A Brighter Future: 5 Guidelines to Innovation Grants

  • Michael Grant
  • December 24, 2017

In general, innovation grants exist to support innovative, creative problem solving and new initiatives to enhance the character and quality of a community. Now being offered in a wide range of fields, they are a way of counteracting a grant funding system that is becoming increasingly conservative. As funds become harder to come by, many peer review panels are more and more risk adverse, emphasizing feasibility more than innovation.

The goal of innovation grants is to reward and encourage unconventional concepts, approaches, and methodologies in order to foster creativity, investigation, exploration and new opportunities.

1. Building community

A big part of what innovation grants do is help bring people working on similar ideas, with like-minded goals, together. Innovation grants gives creative minds the tools and resources they need to collaborate, think big, and innovate. A robust innovation system means that eventually new jobs and enterprises will be created, and that the whole community will benefit from better health, a cleaner environment, and ultimately a more vibrant way of life.

By investing in state-of-the-art facilities and equipment, innovation grants can also help attract and retain the world’s top talent, to train and encourage the next generation of innovators to begin working on ideas that will strengthen the community and improve quality of life for all Canadians.

2. Available funding and support

Innovation grants exist in virtually all fields and reward new ways of thinking about everything from how we produce culture, to scientific and engineering research, to infrastructure development, agriculture and business initiatives.

In the 2017 budget, the Government of Canada actually introduced an Innovation and Skills Plan, which was designed to focus on people and address the changing nature of the economy to ensure it works for all Canadians. Intended to act specifically as a resource to help grow the middle class, the plan intends to build Canada as a world-leading innovation economy.

3. Key growth industries

Of course, contained in any plan is a focus on certain key initiatives. The global economy is becoming increasingly digital and the world is moving towards more sustainable ways of feeding people and providing energy to those who need it. Some of the industries currently experience the largest influx of innovation grant funds include clean technology, digital and agri-food. There is also a mandate to improve access to financing, encourage investment, support the demonstration of technologies and build the capacity necessary for Canadians to take advantage of growth opportunities and create good, well-paying jobs.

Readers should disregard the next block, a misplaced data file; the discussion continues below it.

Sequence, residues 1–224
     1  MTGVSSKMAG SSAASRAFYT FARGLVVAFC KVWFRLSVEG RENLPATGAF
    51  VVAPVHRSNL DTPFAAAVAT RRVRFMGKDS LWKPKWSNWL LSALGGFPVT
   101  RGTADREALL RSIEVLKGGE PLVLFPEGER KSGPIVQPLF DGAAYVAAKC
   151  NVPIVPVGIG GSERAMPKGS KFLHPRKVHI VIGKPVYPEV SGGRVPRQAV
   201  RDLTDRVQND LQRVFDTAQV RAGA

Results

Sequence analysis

4. Lifelong learning

Ultimately, innovation starts with skilled, talented and creative people. Canada is already home to one of the best-educated workforces in the world, but in an increasingly competitive global economy, more needs to be done to ensure that Canadians can learn, adapt and have good jobs throughout their working lives. Innovation grants create opportunities for lifelong learning, so that the next job is also a better job.

5. Why they matter

Although we do live in a society that fetishizes daring entrepreneurs and venture capitalists, it is important to realize that most of the key advances in our technological, cultural and scientific infrastructure was built by the public sector. Although they typically partner with outside associates, government program are really a crucial ingredient in the growth of the private economy.

It is important that young creative minds feel they have options and that if they are willing to work hard to get them, there are resources available to help them make their dreams a reality. Innovation grants are all about imaging a better world, thinking outside the box, and making real change take place in our communities.

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Hello, my name is Michael and I'm a cancer survivor. I'm also a home entrepreneur and stay-at-home grandfather. In the past thirty years, I've dabbled in the the financial sector, the technology industry, as well as a little business consulting. I guess you can call me a jack of all trades!

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